Make sure you get enough friendly fats and oils – the essential fatty acids you all need to operate the nervous system, rebuild and protect your cells, and assure good brain function. Remember that these fats do not make us fat – in fact, you’re more likely to gain weight if you don’t have them, because the lack may increase your food cravings.
  7. Avoid Over-indulgence. If you feel like you’re “running on empty,” it makes sense to give yourself a little extra nurturing. But don’t confuse self-care with self-indulgence. Continue to minimize sweets and simple starches and avoid the empty calories of junk food. Portion sizes may also be a factor. Provide yourself with quality nutrition and supplements rather than constantly jump-starting yourself with caffeine.
  8. Have Fun and Laugh. Hang out with your most fun-loving and light-hearted friends, including animal friends. Simple pleasures are stress reducing and very healing.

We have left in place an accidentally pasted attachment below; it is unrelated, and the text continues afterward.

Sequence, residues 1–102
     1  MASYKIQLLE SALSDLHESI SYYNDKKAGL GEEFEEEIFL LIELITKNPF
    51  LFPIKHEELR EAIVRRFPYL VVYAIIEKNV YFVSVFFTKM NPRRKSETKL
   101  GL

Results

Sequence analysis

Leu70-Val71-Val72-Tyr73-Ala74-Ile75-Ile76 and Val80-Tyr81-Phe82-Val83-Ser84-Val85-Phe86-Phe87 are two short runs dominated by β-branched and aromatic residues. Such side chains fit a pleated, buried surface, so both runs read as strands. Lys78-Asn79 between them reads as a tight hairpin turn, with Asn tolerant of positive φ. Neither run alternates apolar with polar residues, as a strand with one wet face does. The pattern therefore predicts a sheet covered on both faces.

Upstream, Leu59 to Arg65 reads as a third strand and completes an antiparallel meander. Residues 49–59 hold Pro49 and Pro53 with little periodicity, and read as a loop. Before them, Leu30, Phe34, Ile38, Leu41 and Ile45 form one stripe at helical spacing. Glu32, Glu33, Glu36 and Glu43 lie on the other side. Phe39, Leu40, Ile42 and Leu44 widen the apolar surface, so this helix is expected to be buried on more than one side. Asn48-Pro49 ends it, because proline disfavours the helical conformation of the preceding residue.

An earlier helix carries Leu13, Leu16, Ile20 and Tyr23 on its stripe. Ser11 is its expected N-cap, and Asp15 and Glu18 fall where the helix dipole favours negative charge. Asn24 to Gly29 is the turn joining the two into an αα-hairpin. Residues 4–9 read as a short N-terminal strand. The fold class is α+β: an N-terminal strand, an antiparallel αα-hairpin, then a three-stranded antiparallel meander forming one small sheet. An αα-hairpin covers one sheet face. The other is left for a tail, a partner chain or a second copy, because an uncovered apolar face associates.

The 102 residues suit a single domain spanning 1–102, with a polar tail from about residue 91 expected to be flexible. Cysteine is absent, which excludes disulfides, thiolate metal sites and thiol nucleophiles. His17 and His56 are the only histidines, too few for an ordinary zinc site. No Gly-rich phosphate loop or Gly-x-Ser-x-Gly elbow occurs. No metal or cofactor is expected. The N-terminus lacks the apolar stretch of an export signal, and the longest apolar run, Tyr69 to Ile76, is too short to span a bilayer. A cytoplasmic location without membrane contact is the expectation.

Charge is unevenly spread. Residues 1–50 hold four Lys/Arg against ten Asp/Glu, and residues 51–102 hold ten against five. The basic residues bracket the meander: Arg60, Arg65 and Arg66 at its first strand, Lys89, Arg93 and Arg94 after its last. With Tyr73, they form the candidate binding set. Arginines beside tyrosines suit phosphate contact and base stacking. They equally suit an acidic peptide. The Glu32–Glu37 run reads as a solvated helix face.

9. Make Time for Love. Touch and intimacy are also good for your health. If you’re not in an intimate relationship, get a massage, renew an old friendship, or make time for some close emotional interchanges with a trusted friend or family member.
  10. Nourish Others. Notice how very deeply that nourishes you in return. Build giving into your life. Another important aspect of giving is remembering to keep reasonable limits or boundaries, so you don’t feel swallowed up or depleted by your generosity. That brings us full circle to the idea of conserving energy at the end of winter, in preparation for the rebirth of spring.

© Elson Haas MD 2018